Tonight’s ONCE UPON A TIME is called “White Out.” Panicked as she searches for her sister, Elsa (Georgina Haig) accidentally traps Emma (Jennifer Morrison) in an ice cave, where she slowly begins to freeze to death. David (Josh Dallas) and Hook (Colin O’Donoghue) try to figure out a way to free Emma before it’s too late, and Mary Margaret (Ginnifer Goodwin) steps into her new role as mayor. Meanwhile, back in the Enchanted Forest, David is inspired to become a hero after an encounter with Anna (Elizabeth Lail), queen of encouragement.
“White Out” is really good with character development, but poor on plot logic. The power goes out and the people go to Mary Margaret, who has absolutely no electrical training, to solve the issue? They don’t just ask her to have someone fix it; they expect her to get the current running again herself. And somehow, she is able to, doing things that have nothing to do with the downed power line that causes the problem in the first place, and with a baby near dangerous circuits. Emma is too weak to talk or sit up, but then is able to limp out of the cave. Hook keeps sticking his hook into the ice, even after David stops him. Elsa thinks she can’t melt the ice, but does tunnel through on the first try, only to have that option fail again when she attempts to repeat it. These things just don’t make a lot of sense.
Luckily, most of the episode is character-centric. Take Mary Margaret, for instance. With the townsfolk looking to her as mayor after Regina shuts herself off, Mary Margaret has to find her strength and step up. She is their leader, and she needs to start acting like it. It’s not a surprise that ONCE UPON A TIME goes to this place, only that it hasn’t done so before now. It makes sense for Mary Margaret to take on this role, and gives her something to do in the hour other than sit at home.
The scenes between Elsa and Emma are even better. Here are two women that have a lot in common. They’ve had to fend for themselves, having lost loved ones, and have powers they don’t understand or entirely control. They are expected to save the day, even when they don’t know how, and they are emotionally stunted. Yet, during their entrapment, they find a way to connect and become friends, a bond that lasts past when they get free. It’s because of this connection that the danger Elsa has placed others in can be overlooked, Emma able to see past the mistakes, which all the characters have made at one time or another, to the type of person Elsa really is.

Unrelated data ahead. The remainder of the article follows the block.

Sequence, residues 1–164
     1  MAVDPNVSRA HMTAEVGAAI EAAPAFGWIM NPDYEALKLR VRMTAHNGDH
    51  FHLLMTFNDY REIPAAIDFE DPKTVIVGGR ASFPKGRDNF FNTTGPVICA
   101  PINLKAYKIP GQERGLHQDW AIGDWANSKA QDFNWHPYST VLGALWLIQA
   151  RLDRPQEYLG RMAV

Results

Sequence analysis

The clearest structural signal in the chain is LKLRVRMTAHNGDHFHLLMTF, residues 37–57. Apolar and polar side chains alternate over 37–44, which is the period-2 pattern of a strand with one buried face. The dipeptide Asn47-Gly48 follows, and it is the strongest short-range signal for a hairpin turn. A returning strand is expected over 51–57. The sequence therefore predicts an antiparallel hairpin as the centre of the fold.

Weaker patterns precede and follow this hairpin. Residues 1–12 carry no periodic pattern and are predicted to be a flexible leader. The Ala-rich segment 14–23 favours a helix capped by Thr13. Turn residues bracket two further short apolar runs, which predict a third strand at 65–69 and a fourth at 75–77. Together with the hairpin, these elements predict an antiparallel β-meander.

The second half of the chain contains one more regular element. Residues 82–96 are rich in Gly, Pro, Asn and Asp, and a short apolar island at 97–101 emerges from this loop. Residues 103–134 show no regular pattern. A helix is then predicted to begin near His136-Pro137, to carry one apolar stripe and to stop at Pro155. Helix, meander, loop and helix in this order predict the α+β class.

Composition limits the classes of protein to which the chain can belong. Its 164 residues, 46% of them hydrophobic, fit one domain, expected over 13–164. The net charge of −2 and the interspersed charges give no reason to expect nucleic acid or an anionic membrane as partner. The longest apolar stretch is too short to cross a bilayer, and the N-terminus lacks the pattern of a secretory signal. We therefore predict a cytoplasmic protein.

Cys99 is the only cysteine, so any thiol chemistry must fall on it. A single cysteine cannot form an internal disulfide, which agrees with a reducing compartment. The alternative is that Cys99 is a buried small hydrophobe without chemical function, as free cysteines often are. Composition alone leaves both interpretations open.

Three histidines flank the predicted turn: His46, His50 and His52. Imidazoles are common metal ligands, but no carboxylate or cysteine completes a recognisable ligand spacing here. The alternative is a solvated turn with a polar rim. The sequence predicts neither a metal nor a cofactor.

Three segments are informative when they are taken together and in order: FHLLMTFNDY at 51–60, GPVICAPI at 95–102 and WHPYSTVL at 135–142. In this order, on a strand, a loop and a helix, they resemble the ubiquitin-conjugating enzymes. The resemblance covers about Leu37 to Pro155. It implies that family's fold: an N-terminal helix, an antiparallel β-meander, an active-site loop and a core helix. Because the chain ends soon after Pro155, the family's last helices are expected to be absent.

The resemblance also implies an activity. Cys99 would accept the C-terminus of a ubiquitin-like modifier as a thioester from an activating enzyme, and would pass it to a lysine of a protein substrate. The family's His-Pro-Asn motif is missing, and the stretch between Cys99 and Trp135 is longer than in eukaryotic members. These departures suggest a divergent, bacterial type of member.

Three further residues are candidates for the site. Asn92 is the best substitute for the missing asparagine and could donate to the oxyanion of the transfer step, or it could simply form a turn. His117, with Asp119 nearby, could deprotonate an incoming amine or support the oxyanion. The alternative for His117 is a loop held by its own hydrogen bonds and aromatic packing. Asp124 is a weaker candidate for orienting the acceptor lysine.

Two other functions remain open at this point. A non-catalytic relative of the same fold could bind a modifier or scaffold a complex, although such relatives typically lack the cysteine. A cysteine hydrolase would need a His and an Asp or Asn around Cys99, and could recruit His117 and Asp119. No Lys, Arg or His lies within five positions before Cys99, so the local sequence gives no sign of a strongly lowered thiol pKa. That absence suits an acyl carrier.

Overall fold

It helps that David knows Anna, too, from before he meets Snow and becomes king. When David lacks courage and conviction, Anna helps him find it, much as she does for her own sister in the film Frozen, which is set prior to the events depicted in ONCE UPON A TIME. Anna is just the type of person who can bring out the best in people. Snow and the kingdom have her to thank for David becoming the man he is, and because of David knowing Anna, he knows a little about Elsa, too, making him smart enough not to strike out at her.
Thus, only two episodes in, ONCE UPON A TIME has avoided painting Elsa as a villain. This is good because fans of the movie wouldn’t like her being evil, and it allows the plot to move forward. There are enough misunderstandings in this show, so no more are needed.
Among the other great character bits in “White Out” are Emma falling into Hook’s arms once freed and Henry (Jared Gilmore) refusing to give up on Regina (Lana Parrilla). It really is a moving, heart-warming episode.
There are also some new baddies introduced this week. Bo Peep (Robin Weigert, Sons of Anarchy) is a wicked mob boss / warlord who still lives on in Storybrooke, and thus may pop up again. The owner of the ice-cream shop (Elizabeth Mitchell, Lost, Revolution) has some dark, icy powers, too. Their arrival is none too soon, as Regina is no longer bad enough to cause real trouble, and ONCE UPON A TIME needs a villain to defeat. That’s the nature of fairy tales.
Regrettably, Rumple (Robert Carlyle) also appears to be going down the wrong path. He clearly has something to do with Anna’s disappearance, which apparently happened many years ago, making it more tragic, and doesn’t speak up about what he knows when David comes asking. This, combined with other recent actions we’ve seen him take, does not bode well. It’s really sad that he’s being like this, given his heroic sacrifice last year and recent marriage. It kind of ruins the character to bring him so far, then have him backslide so much. Hopefully, that will straighten itself out soon.
In all, “White Out” is a pretty good installment. The weaknesses tend to be minor things that are swept quickly past, while drawn out scenes give us meaty dialogue and pathos that explore the various personalities featured. There may still be no sign of our Knave (Michael Socha), other than the actor’s name in the opening credits, but season four is shaping up to be an intriguing mystery that I look forward to seeing solved. It’s already far better than last spring’s Oz arc, a sign the show is back on track.
ONCE UPON A TIME airs Sundays at 8 p.m. ET on ABC.
CHIEF TELEVISION CRITIC | Creator of and writer for It's All Been Done Radio Hour live show and podcast. A voracious reader wanting to tell stories of his own, Jerome began writing around the age of 8 and hasn’t stopped, both original works and television reviews. Lives in central Ohio. Favorite current shows include The Walking Dead, Jessica Jones, Flaked, Outlander, and Archer.